New vehicle development can involve many hundreds of prototypes and thousands of staff at facilities around the world, with new vehicles taking many years to go from the drawing board to the showroom floor.
New vehicles have become more sophisticated and feature-rich than ever before, and model line-ups are ballooning. The current Ford Ranger is a perfect example of how product lines have grown in complexity, with a considerable number of variations covering choices in powertrain, driveline, suspension style and body design.
The process of developing a new vehicle from drawing board to showroom floor used to take more than five years. That is why Ford Australia, home of the Ford Ranger, has invested heavily in computer-aided design (CAD) and engineering (CAE) to help accelerate vehicle development. By using computers to streamline the design and engineering process, they’re able to compress this time, and development costs, significantly.
With more than 1,500 parts that need to be designed, developed and perfected on a new vehicle, from safety to durability, design verification and more, CAE allows engineers to complete thousands of analytical simulations equating to many tens of thousands of computing hours, months before a physical prototype is built.
“CAE allows us to refine the product in a virtual space, with data gleaned from years of real-world testing, to the point where prototypes being testing on- and off-road are finessing of the product and validating the results of the simulations. With CAE we’re starting from a more advanced position,” said Jason Nogueira, CAE Chassis Engineer at Ford Australia.
Computers can run simulations and ‘what if’ scenarios much faster than using a physical prototype. Indeed, with CAE, testing that would require days of physical testing can be done in hours. This means expensive late-stage design changes are becoming fewer because potential issues are caught earlier during the virtual development phase.
“Within the CAE environment, we can apply loads and accelerations to a virtual model to understand the effects the measured loads have on the key targets during the design phase. This enables us to isolate specific areas for further development within the CAE realm prior to a physical durability test,” said Nogueira.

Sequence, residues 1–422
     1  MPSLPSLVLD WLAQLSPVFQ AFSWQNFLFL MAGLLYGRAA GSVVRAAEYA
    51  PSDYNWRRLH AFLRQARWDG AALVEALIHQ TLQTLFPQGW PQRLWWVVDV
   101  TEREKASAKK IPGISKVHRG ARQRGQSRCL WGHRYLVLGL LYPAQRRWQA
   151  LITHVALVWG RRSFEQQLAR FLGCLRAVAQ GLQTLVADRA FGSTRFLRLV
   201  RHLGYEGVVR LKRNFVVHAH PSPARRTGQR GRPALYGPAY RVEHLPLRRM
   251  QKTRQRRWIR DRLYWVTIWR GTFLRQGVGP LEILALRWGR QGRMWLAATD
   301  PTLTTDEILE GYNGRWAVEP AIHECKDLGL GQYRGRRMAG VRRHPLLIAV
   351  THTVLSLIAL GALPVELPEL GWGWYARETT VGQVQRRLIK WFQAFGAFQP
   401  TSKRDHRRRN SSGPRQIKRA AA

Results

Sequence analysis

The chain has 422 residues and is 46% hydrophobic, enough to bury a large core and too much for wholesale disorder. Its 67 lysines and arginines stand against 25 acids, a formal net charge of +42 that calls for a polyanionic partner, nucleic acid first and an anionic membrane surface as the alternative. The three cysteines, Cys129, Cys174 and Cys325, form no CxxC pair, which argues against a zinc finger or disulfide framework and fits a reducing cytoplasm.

While computer-aided design and engineering has cut down development times, physical testing still has a significant and vital role to play in vehicle development. Physical prototypes are still needed for correlation of the predicted CAE and validation of the final vehicle design.
“Both CAD and CAE have revolutionised the way we design and engineer our vehicles to meet the demands of our customers,” Nogueira explained. “They’re extremely powerful tools that have helped bring innovative ideas to life; but there is no substitute for real-world testing to ensure our vehicles meet and exceed customer expectations.”
This real-world development and validation work requires Ford engineers to test vehicles all around the world and in some of the harshest environments on the planet. The Ford Ranger developed in Australia has been tested in the toughest climates and terrains across five continents, completing more than 600,000 km of testing. From the deserts of Australia and the Middle East to the rugged terrain of South Africa and the mountains of the Americas – in temperatures ranging from –40o C to well over 50o C – the Ranger is developed to thrive in the world’s most extreme conditions.
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